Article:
The journey took her to Beaufort West in South Africa, about 3 hours north of Cape Town. Guli and others hitched a ride to help the government distribute 1.3 gallon jugs of water to families where it “had literally turned the taps off” in a city run dry.

“I cannot tell you what it is like to see children and teenagers run after this truck with water, begging for more water.” She said arguments broke out in the street “when trucks turn left instead of right or right instead of left because people were expecting a delivery of water that day.” It showed “the enormity of the scale of the water crisis right there in front of you.”


Guli recommends listening to scientists, who can predict rainfall patterns, and putting money behind policy changes.

“The supply of water is affected by climate change, which is leading to changing weather patterns. Rain is falling where it didn’t use to fall. There are more floods. The problem with floods, we don’t capture the water and it doesn’t actually replenish all the underground water supply,” she said.

Students around the world skipped school last Friday in a call to action on climate issues.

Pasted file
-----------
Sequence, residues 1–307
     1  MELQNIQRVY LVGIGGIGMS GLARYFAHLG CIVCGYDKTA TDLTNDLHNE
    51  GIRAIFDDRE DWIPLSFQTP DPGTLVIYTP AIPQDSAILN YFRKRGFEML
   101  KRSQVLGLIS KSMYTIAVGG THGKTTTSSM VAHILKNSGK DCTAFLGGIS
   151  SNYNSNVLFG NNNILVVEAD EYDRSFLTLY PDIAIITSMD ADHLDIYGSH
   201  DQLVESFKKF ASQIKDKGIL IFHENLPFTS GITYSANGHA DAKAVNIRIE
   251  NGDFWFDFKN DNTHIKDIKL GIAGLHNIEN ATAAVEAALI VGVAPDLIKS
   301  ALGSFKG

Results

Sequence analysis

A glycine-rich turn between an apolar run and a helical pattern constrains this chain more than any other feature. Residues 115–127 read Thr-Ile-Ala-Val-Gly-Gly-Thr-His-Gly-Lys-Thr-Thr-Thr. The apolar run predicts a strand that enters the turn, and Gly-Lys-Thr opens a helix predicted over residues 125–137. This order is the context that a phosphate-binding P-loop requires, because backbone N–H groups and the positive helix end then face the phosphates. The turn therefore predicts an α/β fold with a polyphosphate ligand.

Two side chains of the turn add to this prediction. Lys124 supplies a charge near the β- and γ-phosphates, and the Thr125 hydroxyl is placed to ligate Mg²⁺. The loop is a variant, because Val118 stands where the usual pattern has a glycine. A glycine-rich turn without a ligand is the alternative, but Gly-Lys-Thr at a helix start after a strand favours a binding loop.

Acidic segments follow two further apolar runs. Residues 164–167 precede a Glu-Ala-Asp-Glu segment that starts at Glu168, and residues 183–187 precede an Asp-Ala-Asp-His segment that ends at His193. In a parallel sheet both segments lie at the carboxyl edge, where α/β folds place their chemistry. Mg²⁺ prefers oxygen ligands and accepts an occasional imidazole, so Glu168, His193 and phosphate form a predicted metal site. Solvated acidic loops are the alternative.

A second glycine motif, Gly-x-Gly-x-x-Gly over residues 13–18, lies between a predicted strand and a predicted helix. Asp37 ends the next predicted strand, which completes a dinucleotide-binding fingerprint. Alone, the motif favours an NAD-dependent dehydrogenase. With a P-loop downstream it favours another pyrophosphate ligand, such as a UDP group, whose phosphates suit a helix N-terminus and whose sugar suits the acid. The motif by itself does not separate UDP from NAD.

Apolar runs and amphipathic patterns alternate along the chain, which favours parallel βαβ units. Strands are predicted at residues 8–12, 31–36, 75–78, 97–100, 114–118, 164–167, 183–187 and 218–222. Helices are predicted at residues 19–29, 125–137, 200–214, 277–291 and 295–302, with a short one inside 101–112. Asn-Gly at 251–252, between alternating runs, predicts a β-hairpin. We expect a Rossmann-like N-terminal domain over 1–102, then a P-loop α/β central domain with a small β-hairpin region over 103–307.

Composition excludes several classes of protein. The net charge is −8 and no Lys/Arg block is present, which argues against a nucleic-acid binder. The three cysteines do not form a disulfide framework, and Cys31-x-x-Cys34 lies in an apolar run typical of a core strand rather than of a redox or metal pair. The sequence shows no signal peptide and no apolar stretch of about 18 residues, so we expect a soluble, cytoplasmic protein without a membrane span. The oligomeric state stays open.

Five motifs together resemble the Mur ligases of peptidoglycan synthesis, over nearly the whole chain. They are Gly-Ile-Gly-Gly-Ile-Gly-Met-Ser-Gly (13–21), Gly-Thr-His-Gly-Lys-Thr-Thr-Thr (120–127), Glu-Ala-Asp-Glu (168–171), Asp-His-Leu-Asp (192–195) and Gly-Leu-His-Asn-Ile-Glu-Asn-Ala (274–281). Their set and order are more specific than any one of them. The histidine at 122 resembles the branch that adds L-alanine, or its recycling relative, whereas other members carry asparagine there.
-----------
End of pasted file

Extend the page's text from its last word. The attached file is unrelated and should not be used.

Guli says it takes about 10 gallons of water to make a gallon of beer. She met Mike Mallozzi, president of Borderlands Brewing Company in Tucson, Arizona, who has reduced it to 4 gallons. Mallozzi, who has a Ph.D. in microbiology, conserves water, uses solar power and reuses grain for compost.

“He’s reconfigured his whole business to ensure he protects the environment,” she said of more efficient methods to make the beer, clean the equipment, grow the hops and power the brewing cycle.


After completing two 40-marathon challenges in the past, Guli admits 50 marathons would’ve been a better choice. But she’s determined to press on.

“This journey is not going to end here,” she said. “This is an issue which faces all of us. Not just 50 years from now, but right now.”